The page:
Taking on an adult grizzly bear or a pack of wolves is a lot to ask of a livestock protection dog, but it’s a task they willingly take to protect their flocks from predation. For centuries, livestock protection dogs have helped ranchers protect livestock from coyotes, feral dogs, foxes and mountain lions. Without them, thousands of sheep, lambs and calves would be killed or injured each year.

Livestock protection dogs grow up and live with their flock, patrolling the perimeters of grazing areas to ward off potential predators. Now, with the recovery and expansion of populations of grizzly bears and wolves, current breeds of livestock protection dogs — like the Great Pyrenees, Komondors and Akbash — are losing many of the fights. They are no match for these larger predators.

To help producers in western states cope with the rising number of large carnivores on the landscape, the U.S. Department of Agriculture’s Wildlife Services (WS) program and its research arm, the National Wildlife Research Center (NWRC), are leading an effort to identify more suitable breeds of livestock protection dogs.… Continue reading

Read More »

Now available – Tractor Stalk Stompers for Case IH Magnum

May Wes Expands product offerings for row crop tractors

In response to a growing demand for no till and strip till stalk leveling solutions, May Wes is pleased to announce the release of their latest Tractor Stalk Stomper design for Case IH Magnum tractor models 235, 260, 290, 315, 340 and 370. This addition joins May Wes’s existing Tractor Stalk Stomper line- up that includes:

• Case IH Steiger Series (2012 and later, all models)
• Case IH Quadtrac Series (2012 and later, all models)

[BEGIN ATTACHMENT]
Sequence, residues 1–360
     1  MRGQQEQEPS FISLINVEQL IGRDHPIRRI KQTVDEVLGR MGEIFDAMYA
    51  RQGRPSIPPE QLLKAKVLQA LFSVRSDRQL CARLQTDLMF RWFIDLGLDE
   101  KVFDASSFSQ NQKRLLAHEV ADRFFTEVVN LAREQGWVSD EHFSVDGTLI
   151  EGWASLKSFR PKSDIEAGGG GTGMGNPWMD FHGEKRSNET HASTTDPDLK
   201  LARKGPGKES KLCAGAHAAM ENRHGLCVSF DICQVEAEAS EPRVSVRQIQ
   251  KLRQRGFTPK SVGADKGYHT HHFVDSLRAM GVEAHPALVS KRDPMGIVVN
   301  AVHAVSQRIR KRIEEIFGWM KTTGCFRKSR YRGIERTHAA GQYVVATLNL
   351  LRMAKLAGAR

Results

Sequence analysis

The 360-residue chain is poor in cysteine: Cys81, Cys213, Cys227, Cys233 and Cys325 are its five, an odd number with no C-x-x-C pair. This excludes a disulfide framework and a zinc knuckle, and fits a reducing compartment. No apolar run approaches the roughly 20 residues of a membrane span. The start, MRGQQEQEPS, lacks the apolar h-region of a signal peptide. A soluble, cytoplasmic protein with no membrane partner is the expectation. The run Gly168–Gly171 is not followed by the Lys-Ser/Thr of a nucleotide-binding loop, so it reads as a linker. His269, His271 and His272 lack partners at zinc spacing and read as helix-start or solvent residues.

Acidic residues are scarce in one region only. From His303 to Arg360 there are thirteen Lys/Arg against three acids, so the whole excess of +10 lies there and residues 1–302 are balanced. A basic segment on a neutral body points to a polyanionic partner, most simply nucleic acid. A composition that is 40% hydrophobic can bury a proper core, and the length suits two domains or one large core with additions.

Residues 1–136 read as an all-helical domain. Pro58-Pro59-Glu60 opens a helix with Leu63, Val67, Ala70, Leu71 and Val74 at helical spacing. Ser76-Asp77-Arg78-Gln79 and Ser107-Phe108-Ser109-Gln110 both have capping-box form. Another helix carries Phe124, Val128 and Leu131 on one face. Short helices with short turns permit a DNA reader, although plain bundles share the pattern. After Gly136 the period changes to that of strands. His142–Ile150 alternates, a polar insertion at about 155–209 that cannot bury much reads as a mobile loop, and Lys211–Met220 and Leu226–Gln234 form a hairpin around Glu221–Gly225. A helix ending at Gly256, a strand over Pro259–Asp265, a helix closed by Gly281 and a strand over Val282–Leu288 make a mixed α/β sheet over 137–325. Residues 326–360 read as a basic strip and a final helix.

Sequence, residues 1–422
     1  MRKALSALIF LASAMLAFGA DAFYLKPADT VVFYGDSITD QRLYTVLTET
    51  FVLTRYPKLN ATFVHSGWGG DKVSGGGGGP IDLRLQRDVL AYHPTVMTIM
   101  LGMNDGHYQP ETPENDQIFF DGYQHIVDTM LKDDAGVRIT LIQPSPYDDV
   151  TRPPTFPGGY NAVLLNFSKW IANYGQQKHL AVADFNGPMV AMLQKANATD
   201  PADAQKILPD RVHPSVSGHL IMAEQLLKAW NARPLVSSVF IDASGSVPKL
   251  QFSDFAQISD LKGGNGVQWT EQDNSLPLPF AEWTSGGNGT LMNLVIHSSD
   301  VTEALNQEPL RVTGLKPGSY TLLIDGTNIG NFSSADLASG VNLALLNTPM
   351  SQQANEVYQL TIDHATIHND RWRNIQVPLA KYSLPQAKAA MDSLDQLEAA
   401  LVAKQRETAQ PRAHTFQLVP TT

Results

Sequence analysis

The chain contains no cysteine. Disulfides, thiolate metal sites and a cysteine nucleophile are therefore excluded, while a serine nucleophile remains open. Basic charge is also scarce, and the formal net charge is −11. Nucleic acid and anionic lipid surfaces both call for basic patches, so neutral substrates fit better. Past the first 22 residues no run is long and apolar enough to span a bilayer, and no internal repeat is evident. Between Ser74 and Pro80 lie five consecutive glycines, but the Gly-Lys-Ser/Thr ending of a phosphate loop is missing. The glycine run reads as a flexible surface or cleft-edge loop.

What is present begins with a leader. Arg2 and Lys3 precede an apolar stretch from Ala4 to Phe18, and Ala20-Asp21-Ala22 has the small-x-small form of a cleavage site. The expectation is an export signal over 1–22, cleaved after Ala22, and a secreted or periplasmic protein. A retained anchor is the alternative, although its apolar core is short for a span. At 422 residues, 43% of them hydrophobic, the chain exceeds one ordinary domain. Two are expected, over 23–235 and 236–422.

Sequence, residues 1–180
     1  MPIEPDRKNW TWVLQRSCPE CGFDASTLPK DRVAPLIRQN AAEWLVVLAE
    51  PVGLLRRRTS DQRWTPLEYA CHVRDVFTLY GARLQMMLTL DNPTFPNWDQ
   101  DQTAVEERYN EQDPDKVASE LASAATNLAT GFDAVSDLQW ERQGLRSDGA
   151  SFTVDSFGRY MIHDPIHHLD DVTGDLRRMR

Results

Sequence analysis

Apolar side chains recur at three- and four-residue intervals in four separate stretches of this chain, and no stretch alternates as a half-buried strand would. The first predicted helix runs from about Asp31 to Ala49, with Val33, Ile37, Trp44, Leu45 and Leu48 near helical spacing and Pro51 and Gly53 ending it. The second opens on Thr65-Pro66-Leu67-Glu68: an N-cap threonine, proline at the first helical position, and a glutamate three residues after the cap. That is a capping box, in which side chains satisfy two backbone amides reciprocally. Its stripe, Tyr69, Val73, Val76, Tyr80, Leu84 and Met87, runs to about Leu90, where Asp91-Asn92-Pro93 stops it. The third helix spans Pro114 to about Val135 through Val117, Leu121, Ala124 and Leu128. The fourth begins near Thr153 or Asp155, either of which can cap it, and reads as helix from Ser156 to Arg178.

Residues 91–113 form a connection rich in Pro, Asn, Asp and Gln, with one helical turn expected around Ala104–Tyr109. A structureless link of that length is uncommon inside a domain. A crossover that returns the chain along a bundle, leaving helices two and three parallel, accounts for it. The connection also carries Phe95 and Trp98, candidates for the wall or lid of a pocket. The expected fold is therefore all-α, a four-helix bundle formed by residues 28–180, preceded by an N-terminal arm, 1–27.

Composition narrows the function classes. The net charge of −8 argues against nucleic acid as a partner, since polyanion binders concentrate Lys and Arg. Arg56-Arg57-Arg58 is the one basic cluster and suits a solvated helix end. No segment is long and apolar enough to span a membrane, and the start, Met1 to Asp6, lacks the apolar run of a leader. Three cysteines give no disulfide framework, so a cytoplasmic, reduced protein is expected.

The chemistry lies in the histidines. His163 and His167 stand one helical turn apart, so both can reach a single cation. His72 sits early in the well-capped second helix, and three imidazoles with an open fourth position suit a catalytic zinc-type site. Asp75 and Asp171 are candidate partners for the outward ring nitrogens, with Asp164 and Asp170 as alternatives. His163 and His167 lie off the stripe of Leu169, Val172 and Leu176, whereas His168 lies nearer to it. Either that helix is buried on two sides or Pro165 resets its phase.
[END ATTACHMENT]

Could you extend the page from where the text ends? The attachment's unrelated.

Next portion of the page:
• Case IH Steiger Quadtrac Series (2011 and earlier, models 485 and 535)
• Challenger 700 & 800 Series (all track models)
• John Deere 8000/8R/8RT Series (all models)
• John Deere 9020 and 9030 Series (all models)
• New Holland T9 Series (with SmartTrax, models T9.615 and T9.670)

Why May Wes Tractor Stalk Stomper?
May Wes’s Tractor Stalk Stomper product works off existing tractor hydraulics and is more robust and versatile as compared to other product alternatives.… Continue reading

Read More »

Boost corn yields

We will be discussing the proven methods you can use to boost corn yields this year. I am sure you are already using most of these ideas. I challenge you to pick at least one idea that fits your farming practices and try to improve it.

• Use minimum or no-till — especially on erodible land. It helps in conserving moisture loss reduces soil erosion and minimizes compaction.

• Set a realistic yield goal — It should be based on your soil type, organic matter and historical data. Goals based on 2012 or 2013 alone will be unrealistic. So you may want to use last five-year average as a guide.

• Study yield maps — Analyze your yield data field by field with your Seed Consultant and try to Match hybrids with soil types.

• Do soil tissue tests — These tests should be conducted at the right time and the advice of the consultant followed.… Continue reading